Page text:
Gail Patrick Jackson was executive producer of the Perry Mason show by the way, only to comment on influential women in and before 1960. There weren’t many, but they did exist, those ladies of power, some of them developing or producing their own programs. Now that would make a truly intersting show, off the beaten track of cliche flight attendants, secretaries and their male bosses seducing or abusing them.

The 70s

On the next couple of Fridays I will bring you information about and recommendations from beyond my favorite decades, starting today.

The 1970s

Fashion in the 70s was colorful with patterns that could make you dizzy. Skirts were super long or super short. You had knee-high boots and ethno-chic tunics. Trousers were flared and paired with platform shoes. Popular colors were hippie rich and often psychedelic. A deep rich brown combined with a bright orange and sunny yellow, or a combination of colors that weren’t necessarily easy on the eyes. 1970s fashion was about fun, second wave feminism and comfort. The music world presented ABBA from Sweden and Saturday Night Fever on dance floors worldwide. Glam rock and punk entered the scene, while microwave ovens became more popular in US homes.

On TV, Mary Tyler Moore had her successful debut, as well as The Muppets. Following affirmative action, Woodstock and the relaunch of an arduous gender debate in the 60s, 1970s television was the mirror of a society still heavily entangled in the Vietnam war. M*A*S*H was a direct answer to the pains and fears of an entire generation, inspired by its preceding feature film and novel. Other examples for successful shows from that era are Happy Days, my decade favorite Hart to HartThe Love Boat, or The Waltons with their rather classic entertainment qualities. New family realities and changing structures were picked up on The Brady Bunch, The Odd Couple, The Partridge Family or Three’s Company, the ongoing debate on gender equality on a variety of shows that circled around female leads. Not that TV hadn’t presented women as central heroes before, but the tone had changed and the atmosphere. Charlie’s Angels, Maude, Police Woman or Wonder Woman didn’t have much on Lucy Ricardo, Donna Stone, Samantha Stephens or Susie McNamara. It was a different fabric these “new women” were made of, independent and hard-boiled yet often sexed up. They were supposed to find their way in a man’s world, no matter what, and their wardrobe and wisecracking attitude helped them accomplish that goal.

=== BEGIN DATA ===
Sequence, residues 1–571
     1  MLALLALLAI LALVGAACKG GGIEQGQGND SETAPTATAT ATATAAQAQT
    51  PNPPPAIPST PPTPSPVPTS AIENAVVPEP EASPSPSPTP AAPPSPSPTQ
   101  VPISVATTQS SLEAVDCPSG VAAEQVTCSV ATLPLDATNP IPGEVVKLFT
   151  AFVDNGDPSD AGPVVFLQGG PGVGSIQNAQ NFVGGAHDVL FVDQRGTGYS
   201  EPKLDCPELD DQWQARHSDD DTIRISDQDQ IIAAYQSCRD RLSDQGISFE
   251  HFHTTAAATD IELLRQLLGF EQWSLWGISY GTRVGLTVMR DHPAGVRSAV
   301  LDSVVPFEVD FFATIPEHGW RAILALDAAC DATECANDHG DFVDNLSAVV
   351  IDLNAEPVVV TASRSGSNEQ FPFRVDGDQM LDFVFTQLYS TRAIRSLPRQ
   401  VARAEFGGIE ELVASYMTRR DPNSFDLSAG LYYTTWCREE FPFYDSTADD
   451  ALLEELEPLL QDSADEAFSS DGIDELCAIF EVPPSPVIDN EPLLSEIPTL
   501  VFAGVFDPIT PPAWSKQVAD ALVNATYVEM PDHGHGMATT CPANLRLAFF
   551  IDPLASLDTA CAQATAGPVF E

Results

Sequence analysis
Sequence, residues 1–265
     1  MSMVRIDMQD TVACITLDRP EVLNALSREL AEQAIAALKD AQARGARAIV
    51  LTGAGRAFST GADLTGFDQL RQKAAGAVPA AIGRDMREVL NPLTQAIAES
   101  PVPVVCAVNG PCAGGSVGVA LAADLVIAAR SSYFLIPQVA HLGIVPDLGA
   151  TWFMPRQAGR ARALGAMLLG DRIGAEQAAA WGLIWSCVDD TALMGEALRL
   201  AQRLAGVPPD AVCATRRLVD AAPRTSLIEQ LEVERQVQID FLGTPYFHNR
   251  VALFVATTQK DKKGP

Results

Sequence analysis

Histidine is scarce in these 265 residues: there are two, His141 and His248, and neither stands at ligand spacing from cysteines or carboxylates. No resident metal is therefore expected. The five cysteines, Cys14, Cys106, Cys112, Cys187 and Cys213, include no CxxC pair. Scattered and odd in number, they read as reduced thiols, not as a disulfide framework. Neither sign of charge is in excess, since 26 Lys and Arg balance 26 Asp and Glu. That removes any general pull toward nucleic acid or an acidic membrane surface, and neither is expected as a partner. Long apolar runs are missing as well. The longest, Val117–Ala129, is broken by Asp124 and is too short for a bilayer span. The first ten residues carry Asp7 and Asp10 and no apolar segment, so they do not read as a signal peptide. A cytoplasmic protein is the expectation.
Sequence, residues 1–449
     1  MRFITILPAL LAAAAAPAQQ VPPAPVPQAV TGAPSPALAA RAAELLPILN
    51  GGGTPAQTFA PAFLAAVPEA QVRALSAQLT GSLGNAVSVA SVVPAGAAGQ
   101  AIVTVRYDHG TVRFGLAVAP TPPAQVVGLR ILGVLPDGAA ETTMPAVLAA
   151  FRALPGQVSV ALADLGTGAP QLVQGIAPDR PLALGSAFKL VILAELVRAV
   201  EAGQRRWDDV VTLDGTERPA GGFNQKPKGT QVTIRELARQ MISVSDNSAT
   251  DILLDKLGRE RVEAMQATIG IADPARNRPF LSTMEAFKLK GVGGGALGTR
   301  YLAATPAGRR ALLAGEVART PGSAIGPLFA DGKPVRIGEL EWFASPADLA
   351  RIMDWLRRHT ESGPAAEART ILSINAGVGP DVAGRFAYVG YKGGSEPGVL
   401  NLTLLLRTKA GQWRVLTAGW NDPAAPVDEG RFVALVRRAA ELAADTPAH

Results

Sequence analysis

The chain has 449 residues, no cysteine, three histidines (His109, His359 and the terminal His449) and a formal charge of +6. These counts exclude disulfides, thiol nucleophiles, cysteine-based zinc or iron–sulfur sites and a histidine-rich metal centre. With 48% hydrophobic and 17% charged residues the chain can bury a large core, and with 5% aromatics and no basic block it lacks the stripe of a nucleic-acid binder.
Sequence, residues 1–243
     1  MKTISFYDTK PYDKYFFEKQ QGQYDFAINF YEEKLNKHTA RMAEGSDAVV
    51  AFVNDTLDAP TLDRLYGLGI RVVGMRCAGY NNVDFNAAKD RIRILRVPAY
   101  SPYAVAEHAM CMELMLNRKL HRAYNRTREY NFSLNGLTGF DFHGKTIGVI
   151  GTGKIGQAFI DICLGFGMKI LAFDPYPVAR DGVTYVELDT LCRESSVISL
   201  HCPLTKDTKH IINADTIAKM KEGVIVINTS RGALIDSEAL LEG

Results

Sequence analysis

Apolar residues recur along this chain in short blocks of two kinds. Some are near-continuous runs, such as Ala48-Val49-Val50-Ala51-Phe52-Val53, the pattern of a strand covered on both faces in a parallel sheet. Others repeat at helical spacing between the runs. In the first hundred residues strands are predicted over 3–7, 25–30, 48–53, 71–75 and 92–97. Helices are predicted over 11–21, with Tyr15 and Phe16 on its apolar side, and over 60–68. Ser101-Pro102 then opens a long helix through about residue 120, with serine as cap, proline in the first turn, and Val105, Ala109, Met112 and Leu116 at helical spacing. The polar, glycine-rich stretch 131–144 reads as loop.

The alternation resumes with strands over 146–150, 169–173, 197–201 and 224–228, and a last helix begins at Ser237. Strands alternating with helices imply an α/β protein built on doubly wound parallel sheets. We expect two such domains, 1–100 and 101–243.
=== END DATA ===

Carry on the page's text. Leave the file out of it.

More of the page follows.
On the silver screen, gritty, sexed-up, shocking or taboo-breaking was in vogue: The Godfather, The GraduateKramer vs. Kramer, Norma Rae, One Flew Over the Cuckoo’s Nest or Taxi Driver were big hits, as well as the emerging genre of disaster movies kicked off by the adaptation of Alex Haley’s Airport. Personally, I’ve never been a big fan of either one of these films although I have always greatly appreciated each film’s stellar cast. Cabaret or Love Story  are more my cup of tea, along with the surfer movie Big Wednesday for three simple reasons: California, William Katt and his mother Barbara Hale. I guess you can see my priorities.